To make the hand-forged gate hooks for our barn, for example, required that the blacksmith own and know how to operate a forge, collect the appropriate tools and supplies of metal. One didn’t fire up a forge to make one hook, so he probably had a number of forging jobs to do that day. He may have taught himself to work iron because he knew he’d need that skill to save money on the ranch. Or perhaps someone in this neighborhood was a blacksmith, and the others ordered what they needed from him, paying in cash or perhaps in beef.
The blacksmith had to select the steel, then build a small fire in his forge to ignite the coal. He used a bellows or a hand-cranked blower to add air to the fire until the coal is burning well. Then he thrust the steel into the coal while continuing to use the bellows or blower to add air.
My partner Jerry has worked at becoming more skilled as a blacksmith since he retired. He tells me that the blacksmith must heat the steel just enough, but not too much. “Reddish-orange to bright orange is good,” he says. If the steel becomes white hot, it will simply burn up.
When the steel is just orange enough, the blacksmith removes it from the fire and begins to shape it. To make a hook, he probably first formed the hook on one end and the loop on the other and then reheated the steel. When the center portion was hot enough, he put the hook in a vise and turned the steel with a turning fork or tongs to create the twist. The twist might add a little lateral strength, Jerry says, but likely it was purely for decoration. Perhaps the hook wasn’t originally made for the barn, but for a home. Still, no matter where it was originally placed, it was created by a man who had plenty of things to do, and still added a flourish to his work. Finally, he quenched the finished hook in a bucket of water, and probably started to make another.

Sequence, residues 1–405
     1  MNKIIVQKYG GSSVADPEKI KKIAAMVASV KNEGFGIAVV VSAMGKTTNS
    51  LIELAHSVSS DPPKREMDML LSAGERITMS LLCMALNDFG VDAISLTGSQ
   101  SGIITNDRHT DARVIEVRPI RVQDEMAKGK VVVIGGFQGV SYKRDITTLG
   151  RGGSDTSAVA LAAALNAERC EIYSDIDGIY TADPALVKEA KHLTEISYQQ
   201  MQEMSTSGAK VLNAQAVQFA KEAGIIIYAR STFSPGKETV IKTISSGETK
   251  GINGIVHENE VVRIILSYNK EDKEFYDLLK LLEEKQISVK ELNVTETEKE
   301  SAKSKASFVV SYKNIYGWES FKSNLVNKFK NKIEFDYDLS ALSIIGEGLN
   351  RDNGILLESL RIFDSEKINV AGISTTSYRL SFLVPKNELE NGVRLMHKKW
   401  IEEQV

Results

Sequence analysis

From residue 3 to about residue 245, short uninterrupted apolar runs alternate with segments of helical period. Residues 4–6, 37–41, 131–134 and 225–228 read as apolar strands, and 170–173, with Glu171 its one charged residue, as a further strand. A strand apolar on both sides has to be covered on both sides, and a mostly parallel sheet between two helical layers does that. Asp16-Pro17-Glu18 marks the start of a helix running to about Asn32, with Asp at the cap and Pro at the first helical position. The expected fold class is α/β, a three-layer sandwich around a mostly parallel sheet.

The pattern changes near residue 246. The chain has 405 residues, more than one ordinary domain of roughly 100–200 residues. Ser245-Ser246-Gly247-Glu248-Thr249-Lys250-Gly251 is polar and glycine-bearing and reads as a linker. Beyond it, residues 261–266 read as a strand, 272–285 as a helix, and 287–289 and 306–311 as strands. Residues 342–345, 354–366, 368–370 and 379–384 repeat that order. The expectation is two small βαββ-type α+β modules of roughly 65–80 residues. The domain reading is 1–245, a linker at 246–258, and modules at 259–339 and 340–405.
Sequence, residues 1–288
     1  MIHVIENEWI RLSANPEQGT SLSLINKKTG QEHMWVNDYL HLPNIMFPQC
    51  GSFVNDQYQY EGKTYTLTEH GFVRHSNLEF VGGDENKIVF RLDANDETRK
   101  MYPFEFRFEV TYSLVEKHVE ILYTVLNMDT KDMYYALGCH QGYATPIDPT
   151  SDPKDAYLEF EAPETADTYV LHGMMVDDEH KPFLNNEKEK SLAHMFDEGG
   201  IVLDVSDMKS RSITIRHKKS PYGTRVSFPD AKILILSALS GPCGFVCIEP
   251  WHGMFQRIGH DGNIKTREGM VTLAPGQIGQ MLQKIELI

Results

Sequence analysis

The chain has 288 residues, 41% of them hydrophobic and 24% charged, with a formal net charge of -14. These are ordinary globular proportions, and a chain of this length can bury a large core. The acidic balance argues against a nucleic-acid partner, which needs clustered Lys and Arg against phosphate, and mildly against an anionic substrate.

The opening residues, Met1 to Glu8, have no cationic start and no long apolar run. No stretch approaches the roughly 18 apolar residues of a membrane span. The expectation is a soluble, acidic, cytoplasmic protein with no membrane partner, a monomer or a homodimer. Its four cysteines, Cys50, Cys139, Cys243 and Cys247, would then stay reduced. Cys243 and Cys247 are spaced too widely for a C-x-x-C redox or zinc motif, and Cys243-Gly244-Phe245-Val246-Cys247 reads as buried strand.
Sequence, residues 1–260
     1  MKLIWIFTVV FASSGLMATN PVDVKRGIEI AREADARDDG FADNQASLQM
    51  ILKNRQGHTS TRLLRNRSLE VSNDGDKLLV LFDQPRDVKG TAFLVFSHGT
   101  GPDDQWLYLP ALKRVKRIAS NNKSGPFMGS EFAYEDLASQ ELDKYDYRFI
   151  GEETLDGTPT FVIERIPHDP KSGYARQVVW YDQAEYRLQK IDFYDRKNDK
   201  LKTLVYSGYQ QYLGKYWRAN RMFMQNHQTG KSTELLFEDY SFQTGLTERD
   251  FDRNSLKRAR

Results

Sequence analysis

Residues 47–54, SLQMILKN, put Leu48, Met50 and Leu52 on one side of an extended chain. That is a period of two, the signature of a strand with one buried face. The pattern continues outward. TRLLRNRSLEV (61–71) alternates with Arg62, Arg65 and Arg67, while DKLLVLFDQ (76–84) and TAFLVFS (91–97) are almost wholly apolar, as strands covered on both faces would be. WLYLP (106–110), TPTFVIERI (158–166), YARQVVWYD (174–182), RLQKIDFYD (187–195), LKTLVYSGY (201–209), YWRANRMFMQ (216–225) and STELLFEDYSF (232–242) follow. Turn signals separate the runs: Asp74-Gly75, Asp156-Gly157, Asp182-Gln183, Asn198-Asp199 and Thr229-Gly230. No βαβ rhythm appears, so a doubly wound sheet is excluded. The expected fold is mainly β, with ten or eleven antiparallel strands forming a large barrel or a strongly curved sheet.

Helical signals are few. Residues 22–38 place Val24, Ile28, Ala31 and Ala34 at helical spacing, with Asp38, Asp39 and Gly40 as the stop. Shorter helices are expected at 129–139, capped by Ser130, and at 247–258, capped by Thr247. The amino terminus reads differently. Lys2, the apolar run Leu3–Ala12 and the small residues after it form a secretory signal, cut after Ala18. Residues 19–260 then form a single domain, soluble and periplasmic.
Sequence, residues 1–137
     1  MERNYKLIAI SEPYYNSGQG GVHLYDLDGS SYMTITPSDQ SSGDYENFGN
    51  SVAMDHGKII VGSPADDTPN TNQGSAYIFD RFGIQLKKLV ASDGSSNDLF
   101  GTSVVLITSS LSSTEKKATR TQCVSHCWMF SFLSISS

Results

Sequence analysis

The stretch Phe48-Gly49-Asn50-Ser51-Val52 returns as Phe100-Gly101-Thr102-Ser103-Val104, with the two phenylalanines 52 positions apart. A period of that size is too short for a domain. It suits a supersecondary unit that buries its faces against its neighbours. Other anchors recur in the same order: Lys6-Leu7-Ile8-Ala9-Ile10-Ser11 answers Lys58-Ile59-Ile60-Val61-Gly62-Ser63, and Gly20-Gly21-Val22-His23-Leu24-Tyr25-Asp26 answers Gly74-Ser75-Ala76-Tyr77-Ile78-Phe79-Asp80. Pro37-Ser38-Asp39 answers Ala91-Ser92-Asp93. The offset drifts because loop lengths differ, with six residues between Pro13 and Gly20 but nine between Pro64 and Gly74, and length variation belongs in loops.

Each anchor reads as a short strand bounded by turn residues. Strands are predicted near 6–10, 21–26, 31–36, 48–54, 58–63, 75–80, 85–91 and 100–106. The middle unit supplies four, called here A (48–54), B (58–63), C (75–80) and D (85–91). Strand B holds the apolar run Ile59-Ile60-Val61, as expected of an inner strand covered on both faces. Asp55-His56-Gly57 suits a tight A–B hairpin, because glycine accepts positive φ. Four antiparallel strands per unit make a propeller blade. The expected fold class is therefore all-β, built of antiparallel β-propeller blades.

Not only does the blacksmith need materials and skill, he needs time and patience. When Jerry spend a day blacksmithing, he’s already done the planning, thinking about the project off and on through days of doing other work, and evenings of eating good food, watching movies, talking as we play Scrabble or Rummykub. After he has chosen his next project, he collects the materials and waits for a day when the wood stove in the blacksmith shop will heat the place enough so he can work without freezing solid.